"Refactoring mode" should only be enabled when you see code duplication for code that is complex enough (or contains business logic) that it might cause problems later down the line for doing maintenance/updates; such that it would create the scenario where you might forget to update all code locations that are otherwise meant to be identical in function, resulting in inconsistent behaviour of functionality depending on code-path.
One common rule is that once you see 3 duplications of non-trivial code, you should refactor it.
Refactoring enables re-usability, but its not exactly the same as making reusable software components (which I think is your motivation).
What you are doing is over-engineering your software and are basically reducing your programming language's otherwise powerful and succinct syntax into a much simpler, more brittle and less expressive one. This is because you are creating too many abstraction layers and encapsulating basic expressions into classes.
One useful question you should ask yourself is "What benefit do I get from turning this series of expression into a class?" e.g. "Do I need to track state?", "Do multiple instances make sense?", and "Do I gain or lose expressiveness? flexibility? convenience?".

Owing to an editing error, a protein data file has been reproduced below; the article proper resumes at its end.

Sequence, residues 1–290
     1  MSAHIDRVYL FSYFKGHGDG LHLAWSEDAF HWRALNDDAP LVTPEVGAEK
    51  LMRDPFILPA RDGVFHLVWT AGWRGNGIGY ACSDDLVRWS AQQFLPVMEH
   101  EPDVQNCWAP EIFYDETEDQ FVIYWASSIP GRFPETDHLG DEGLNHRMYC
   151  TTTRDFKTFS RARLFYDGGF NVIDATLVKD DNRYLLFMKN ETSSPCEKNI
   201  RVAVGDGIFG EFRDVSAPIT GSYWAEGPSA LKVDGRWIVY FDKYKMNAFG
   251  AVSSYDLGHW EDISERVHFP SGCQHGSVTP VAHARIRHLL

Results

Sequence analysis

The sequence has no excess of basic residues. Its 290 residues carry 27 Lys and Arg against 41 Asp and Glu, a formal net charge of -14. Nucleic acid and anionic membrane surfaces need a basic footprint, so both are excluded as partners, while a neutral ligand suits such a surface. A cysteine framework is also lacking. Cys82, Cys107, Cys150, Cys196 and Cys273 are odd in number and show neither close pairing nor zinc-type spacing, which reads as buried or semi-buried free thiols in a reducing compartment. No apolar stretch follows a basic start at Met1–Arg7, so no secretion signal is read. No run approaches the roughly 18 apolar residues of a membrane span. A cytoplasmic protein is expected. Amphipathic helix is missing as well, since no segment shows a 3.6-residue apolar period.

Another way of looking at it is that refactoring is often motivated by DRY (Dont Repeat Yourself), keeping in mind that DRY is not exactly the same as wanting to create reusable software components. However, there is also YAGNI (You Aint Gonna Need It): unless you need a certain functionality in the immediate future, you probably dont need to implement it now, just stick to the most basic version that works (at least to start off with).
Dont speculate way off into the future thinking "I want to leave all options open for later on; what if I decide to do
A, what if I decide to do
B, yes, yes, I'm gonna turn this simple thing into a class that lets you also do
h, just in case later on I decide I need it...!".
So a lot of this is related to getting your software requirements and scope at a fairly stable level of finalisation before you start writing the relevant code. Knowing where the road stops helps you to estimate how much fuel you need, how to pace yourself properly, and apply resources proportionately to where they are needed most.
Also, If you are new to programming and learning a language, you will be more likely to feel the need to shoehorn every language feature in your program even if you dont need it. As you start writing more complex, real world programs (well beyond hello world), you will get a feel for when to use what.
Becoming aware of software antipatterns is one of the best ways to speed up this process. You are currently doing a form of "Cargo Cult Programming"